The most common narrative of across the analyzed incidents was the narrative that “the West is an aggressor to Russia”, using messages that portray the West as the antagonist towards Russia, pushing Ukraine to war, provoking and profiting from that war, pointing out the military mobilization and engaging in actions that inflame tensions between Ukraine and Russia. This narrative was noted in 17 incidents.

The next narrative observed, in terms of frequency, was reversed roles, but this time only between Russia and Ukraine:

„Ukraine is the aggressor targeting Russia“. This narrative falsely portrays Ukraine as a country that provokes and wants to go to war, to commit atrocities, war crimes and genocide, and to deploy, or plan to deploy chemical/nuclear weapons and installations.

Such narrative was registered in 15 of the 100 incidents. The same number of incidents were identified with a background story that indicated that those who introduced the sanctions suffered or will suffer the most damage inflicted:

The narrative “Sanctions against Russia are backfiring”, which highlighted the alleged negative consequences of the sanctions of the Western and other countries, with special focus on the food and energy crisis, as well as inflation, appeared in 15 incidents as well. Worth mentioning is that this group of narratives include messages claiming that the current crises are caused by the Western countries and their sanctions (in past decades – our note).

Main actors in the reporting period and their networking in 5 incidents. Photo: screenshot of the report

The hypocrites are in the West, and Ukraine is a Nazi state

The last two narratives are a variation of the first two. The goal is to place the blame exclusively on the other side. So, the fourth narrative is related to the hypocrisy of the Western world:

The fourth most common narrative was “The West is hypocritical” and it includes all messages that falsely impersonate all subjects from the West as violators of fundamental (human – our note) rights, that implement disinformation campaigns, who are corrupt and colonialists, but also Russophobic or Chinaphobic and aim to abuse others. This narrative was noted 14 times – notes the report.

Finally, the last narrative, yet again, turns to the victim – Ukraine. Trying to direct all the blame at Kyiv and the alleged collaboration with Nazi Germany in World War II, the roots of current events thereby should be sought in Kyiv, not in Moscow:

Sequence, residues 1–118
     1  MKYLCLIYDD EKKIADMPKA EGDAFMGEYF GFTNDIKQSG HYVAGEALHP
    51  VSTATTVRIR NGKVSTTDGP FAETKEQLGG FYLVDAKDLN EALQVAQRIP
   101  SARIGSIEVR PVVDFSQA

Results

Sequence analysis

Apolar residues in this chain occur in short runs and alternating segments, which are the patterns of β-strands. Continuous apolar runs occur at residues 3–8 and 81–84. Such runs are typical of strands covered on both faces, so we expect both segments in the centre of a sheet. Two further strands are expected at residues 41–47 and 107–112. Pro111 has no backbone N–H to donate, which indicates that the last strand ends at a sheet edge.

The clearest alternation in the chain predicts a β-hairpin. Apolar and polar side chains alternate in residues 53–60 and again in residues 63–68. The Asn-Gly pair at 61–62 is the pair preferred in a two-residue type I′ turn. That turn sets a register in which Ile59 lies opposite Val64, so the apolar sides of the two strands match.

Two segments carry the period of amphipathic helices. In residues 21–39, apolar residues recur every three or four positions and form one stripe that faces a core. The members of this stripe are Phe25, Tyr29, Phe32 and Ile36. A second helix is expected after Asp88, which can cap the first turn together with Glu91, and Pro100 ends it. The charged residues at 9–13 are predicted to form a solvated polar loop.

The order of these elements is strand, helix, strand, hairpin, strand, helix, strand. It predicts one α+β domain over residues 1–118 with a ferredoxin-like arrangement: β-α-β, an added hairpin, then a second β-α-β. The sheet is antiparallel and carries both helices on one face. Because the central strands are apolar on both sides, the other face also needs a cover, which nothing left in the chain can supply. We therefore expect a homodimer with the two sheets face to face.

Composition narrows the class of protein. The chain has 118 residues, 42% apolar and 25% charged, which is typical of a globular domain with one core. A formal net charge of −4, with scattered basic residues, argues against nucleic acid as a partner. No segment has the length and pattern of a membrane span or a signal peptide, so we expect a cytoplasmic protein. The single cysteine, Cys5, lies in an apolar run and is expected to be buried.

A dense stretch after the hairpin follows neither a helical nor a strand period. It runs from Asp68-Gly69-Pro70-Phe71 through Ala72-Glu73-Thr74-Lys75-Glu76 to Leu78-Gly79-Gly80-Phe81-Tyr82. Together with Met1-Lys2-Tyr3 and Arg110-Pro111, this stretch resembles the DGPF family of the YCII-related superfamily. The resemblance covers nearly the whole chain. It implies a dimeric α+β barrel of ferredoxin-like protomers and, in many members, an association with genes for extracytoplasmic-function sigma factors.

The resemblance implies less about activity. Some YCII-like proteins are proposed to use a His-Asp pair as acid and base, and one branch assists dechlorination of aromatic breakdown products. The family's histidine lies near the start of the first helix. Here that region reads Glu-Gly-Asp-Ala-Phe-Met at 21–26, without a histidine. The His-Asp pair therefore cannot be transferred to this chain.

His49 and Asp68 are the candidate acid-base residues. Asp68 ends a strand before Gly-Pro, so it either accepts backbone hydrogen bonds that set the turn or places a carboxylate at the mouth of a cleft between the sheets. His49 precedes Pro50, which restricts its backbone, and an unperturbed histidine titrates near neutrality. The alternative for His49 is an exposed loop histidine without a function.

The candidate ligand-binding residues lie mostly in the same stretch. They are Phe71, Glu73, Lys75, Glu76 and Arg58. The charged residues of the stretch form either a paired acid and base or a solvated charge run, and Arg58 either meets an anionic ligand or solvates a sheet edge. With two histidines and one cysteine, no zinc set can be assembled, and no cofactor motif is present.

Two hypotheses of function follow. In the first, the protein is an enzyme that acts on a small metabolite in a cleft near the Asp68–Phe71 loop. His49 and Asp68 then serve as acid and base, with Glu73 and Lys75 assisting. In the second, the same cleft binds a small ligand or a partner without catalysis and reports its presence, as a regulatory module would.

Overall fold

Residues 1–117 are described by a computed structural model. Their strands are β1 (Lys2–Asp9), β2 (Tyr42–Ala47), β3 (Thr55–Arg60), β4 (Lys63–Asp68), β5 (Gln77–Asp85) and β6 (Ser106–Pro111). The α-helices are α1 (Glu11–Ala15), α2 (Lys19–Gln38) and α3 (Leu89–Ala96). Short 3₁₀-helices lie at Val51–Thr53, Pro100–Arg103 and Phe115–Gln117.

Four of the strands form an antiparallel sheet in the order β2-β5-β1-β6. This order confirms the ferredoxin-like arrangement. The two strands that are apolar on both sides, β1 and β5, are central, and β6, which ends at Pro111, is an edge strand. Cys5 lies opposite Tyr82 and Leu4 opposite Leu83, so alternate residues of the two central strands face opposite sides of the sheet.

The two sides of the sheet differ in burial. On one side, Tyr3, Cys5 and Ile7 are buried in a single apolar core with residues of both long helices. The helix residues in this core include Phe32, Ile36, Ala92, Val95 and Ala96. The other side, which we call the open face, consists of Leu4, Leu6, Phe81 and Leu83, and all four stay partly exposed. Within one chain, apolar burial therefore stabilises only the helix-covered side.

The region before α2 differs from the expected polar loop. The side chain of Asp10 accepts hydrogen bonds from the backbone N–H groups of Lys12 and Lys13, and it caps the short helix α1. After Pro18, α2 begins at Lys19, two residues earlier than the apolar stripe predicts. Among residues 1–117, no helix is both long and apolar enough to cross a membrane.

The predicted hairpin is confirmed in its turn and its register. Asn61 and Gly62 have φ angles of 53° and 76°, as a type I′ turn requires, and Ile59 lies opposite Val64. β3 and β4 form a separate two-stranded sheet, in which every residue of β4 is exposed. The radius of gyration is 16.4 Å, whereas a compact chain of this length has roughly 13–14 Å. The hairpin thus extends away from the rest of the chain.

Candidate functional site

The fifth most frequent narrative “Ukraine is a terrorist and a Nazi state” contains posts with false claims that Ukraine is a Nazi and/or a terrorist state that supports such groups. This narrative was registered in 11 of the incidents – as stated in the report.

As part of the assessed disinformation incidents, the analysts list a number of individual and sequential events, and the situation related to Kosovo was singled out with the following statement:

The situation in Kosovo is constantly a topic that is targeted by the Russian FIMI (disinformation) eco-system, with call to action to participate in the barricades in North Kosovo made via Telegram. At the same time, the Chief Editor of “Russia Today” (RT), Margarita Simonyan announced the launch of the RT Balkan website and the social media channels – as stated on page 19 of the report, one of the examples of the events that were used for disinformation incidents in the given period of October to December.

You can find and read the full report at the following LINK .


This article has been produced within the project Fact-Checking the Progress of North Macedonia towards the EU, implemented by the Metamorphosis Foundation. The article, originally published by Truthmeter,, is made possible by the support of the American non-profit foundation NED (National Endowment for Democracy). The content of this article is the responsibility of the author and does not necessarily reflect the views of Metamorphosis, NED or their partners.